New Zealand 96 for 6 (Anderson 6-42) trail England 364 (Pietersen 115, Ambrose 67, Broad 64) by 268 runs
Scorecard and ball-by-ball details
How they were out

James Anderson: a career-best six-wicket haul© Getty Images
James Anderson produced his best Test figures with both bat and ball, and Stuart Broad recorded his maiden Test half-century, as England seized control of the third Test against New Zealand at Trent Bridge with a day of unstinting dominance. By the time bad light had brought a premature end to the day, the Kiwis were floundering on 96 for 6 in reply to England's 364, and their deficit of 268 seemed insurmountable in the face of Anderson's hostile and high quality swing-bowling assault.

Throughout his international career, Anderson has been like the girl with the curl from the children's nursery rhyme - at times in this series, his performances have been horrid, but today, he was back to being very, very good indeed. He located a full, fast and outswinging length from the very first over of his spell, and in claiming all six of the New Zealand wickets to fall, he finished the day with half an eye on history. Only two players - Jim Laker and Anil Kumble - have managed ten in an innings, but if Anderson can replicate the same form he showed today, his opponents - and team-mates - may not have much say in the matter.

Ultimately, Anderson is a mood bowler, and there's nothing quite like an early wicket to set his juices pumping. With his third ball of the day, he turned Aaron Redmond inside out with a wickedly jagging outswinger that detonated his off stump, and New Zealand's foreboding was tangible. Out strode their kingpin, Brendon McCullum - relieved of the gloves and promoted to No. 3 - but his talents were wasted in such hostile conditions. He had made only 9 when Anderson flattened his stumps with a carbon copy of the Redmond delivery, and at 14 for 2, the innings was in freefall.

Ross Taylor counterattacked with the sort of confident recklessness that befits a man with two 150s to his name on this tour, and together with the low-key Jamie How, he guided New Zealand to tea at 57 for 2. But after the break, and armed with a changed and fractionally shinier ball, Anderson picked up where he had left off. Taylor squirted a fat edge to gully and departed for 21, and three balls later the hapless Daniel Flynn - whom Anderson maimed with that tooth-shattering bouncer at Old Trafford - was pinned on the crease and sent on his way for a duck.

At 62 for 4, How was New Zealand's last obdurate presence, but he was the next to go, and in a disappointing fashion. He hung a limp bat outside off stump, and Anderson's natural outswing curved perfectly off the edge and carried through low to Tim Ambrose behind the stumps. Then, only five balls before the umpires offered the light, Jacob Oram followed in similar fashion for 7. At 96 for 6, with only Daniel Vettori of the recognised batsmen remaining, the hopes of New Zealand snatching a share of the series had receded over the horizon.

It was quite a contrast to the Kiwis' mood on the first day, when England slumped to 86 for 5 after lunch, but since then they have been subjugated by a succession of impressive performances. And though Anderson stole the limelight with his bowling, his first role of the day came with the bat, as he and Broad compiled an improbable and important eighth-wicket stand of 76. When New Zealand took the field under slate-grey skies, with England evenly poised on their overnight 273 for 7, they doubtless envisaged a swift denouement. Instead they were made to toil lucklessly and with mounting frustration.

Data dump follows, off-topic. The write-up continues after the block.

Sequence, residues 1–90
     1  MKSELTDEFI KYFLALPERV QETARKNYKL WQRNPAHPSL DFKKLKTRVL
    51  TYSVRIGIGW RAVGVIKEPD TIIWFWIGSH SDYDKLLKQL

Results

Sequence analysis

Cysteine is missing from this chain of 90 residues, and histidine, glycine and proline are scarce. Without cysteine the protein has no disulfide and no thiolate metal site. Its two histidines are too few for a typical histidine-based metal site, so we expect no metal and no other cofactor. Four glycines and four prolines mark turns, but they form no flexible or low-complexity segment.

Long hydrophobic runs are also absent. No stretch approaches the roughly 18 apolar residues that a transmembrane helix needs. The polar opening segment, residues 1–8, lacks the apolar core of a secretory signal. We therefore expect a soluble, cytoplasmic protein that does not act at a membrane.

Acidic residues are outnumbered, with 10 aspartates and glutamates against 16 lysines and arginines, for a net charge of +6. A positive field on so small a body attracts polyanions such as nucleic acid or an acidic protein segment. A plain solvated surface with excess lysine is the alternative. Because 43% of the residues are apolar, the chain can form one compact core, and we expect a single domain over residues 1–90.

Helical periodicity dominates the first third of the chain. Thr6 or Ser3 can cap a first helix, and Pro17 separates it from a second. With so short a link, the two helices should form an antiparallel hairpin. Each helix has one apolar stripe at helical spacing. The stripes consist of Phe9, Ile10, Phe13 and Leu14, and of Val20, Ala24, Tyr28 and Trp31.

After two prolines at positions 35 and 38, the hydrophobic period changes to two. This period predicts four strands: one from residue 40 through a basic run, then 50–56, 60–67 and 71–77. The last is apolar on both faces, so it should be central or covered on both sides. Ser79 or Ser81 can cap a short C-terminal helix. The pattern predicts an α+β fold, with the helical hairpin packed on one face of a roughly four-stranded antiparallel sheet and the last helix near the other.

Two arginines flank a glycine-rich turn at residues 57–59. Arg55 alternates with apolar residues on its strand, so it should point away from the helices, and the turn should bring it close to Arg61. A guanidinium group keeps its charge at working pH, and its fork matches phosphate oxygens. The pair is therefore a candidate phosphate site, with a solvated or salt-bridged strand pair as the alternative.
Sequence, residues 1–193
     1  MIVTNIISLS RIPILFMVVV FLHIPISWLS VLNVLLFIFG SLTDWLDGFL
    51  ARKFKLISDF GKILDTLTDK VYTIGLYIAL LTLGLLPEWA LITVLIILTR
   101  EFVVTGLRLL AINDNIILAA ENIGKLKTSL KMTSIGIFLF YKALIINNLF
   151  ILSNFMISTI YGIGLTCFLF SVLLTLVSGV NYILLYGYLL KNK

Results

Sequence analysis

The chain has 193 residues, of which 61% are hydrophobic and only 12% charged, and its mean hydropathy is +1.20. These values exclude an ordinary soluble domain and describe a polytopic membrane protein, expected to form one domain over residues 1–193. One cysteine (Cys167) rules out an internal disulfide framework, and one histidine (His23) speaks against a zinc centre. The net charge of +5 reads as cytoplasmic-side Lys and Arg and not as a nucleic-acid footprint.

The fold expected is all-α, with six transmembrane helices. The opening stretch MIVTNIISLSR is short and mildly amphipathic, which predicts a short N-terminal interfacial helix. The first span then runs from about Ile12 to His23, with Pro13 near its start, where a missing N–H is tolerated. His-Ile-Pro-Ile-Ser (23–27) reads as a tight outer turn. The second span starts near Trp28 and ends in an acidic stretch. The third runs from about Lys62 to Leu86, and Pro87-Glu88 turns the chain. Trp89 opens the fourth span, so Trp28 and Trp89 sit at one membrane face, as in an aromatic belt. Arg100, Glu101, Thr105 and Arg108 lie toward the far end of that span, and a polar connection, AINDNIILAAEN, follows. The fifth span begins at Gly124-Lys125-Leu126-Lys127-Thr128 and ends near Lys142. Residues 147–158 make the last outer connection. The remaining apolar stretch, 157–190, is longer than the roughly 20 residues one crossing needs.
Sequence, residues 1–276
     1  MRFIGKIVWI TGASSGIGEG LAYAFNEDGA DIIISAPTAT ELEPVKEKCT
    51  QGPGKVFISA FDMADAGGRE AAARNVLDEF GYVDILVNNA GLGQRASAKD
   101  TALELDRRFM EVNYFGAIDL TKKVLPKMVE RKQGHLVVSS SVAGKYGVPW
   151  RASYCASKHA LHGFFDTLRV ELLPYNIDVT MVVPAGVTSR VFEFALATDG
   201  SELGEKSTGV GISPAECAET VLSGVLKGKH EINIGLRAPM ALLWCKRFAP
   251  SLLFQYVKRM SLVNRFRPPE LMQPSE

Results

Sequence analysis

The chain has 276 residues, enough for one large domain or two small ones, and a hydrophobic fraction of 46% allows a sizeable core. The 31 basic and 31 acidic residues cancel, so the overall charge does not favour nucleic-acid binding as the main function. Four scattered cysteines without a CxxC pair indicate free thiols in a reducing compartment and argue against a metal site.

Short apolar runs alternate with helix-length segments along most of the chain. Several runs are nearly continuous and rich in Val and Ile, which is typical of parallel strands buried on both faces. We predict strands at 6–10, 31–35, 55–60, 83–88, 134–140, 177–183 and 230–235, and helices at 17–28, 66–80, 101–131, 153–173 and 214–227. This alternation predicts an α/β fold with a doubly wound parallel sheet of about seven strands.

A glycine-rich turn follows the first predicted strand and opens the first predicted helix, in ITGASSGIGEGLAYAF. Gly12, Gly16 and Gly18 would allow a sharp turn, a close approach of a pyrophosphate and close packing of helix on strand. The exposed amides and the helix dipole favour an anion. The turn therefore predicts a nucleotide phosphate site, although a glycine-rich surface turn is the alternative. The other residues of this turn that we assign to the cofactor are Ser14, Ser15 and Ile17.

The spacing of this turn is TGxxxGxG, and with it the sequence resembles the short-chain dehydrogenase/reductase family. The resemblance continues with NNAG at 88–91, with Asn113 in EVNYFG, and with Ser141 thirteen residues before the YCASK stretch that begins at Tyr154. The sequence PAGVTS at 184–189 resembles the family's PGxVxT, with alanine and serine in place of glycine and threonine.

For Broad, it was yet another demonstration of his rich promise as an allrounder. Since his batting breakthrough in partnership with Kevin Pietersen at Napier in March, he has reached at least 25 in each of his last five innings, and his shot selection and patience has borne all the hallmarks of a pedigree cricketer. It was especially appropriate that his best innings to date should come at his new county home of Trent Bridge, where his father Chris made his name as a batsman in the mid-1980s.

His poise and balance at the crease was exemplary, and any international cricketer would be proud of his back-foot driving, which earned him three more boundaries in the morning session. He did require one massive, and tone-setting, moment of good fortune in the third over of the day when, on 21, he edged Chris Martin firmly to second slip, only for McCullum - unaccustomed to the angles at second slip - to fumble the opportunity.

After that, Broad's performance was plain-sailing, until he reached the threshold of his half-century. On 49, he was made to sweat as Vettori and Oram pinned him down for 25 balls either side of lunch. But crucially, Broad refused to succumb to a rash slog, and sure enough the loose delivery eventually arrived. Vettori strayed onto his pads, and Broad flicked him away through midwicket for a hugely cathartic boundary.

Anderson's own career-best was scarcely less impressive, and his disappointment was clear when he finally feathered a nick to the keeper off Oram to give New Zealand their only breakthrough of the morning session. Up until that point he had produced some shots that belied his lowly reputation, including a crunching cover-drive and a confident slog sweep in consecutive overs from Iain O'Brien and Vettori. But his true role was still to come, and by the time his day's work was done, New Zealand's stout resistance in this series had been all but broken.

Andrew Miller is UK editor of Cricinfo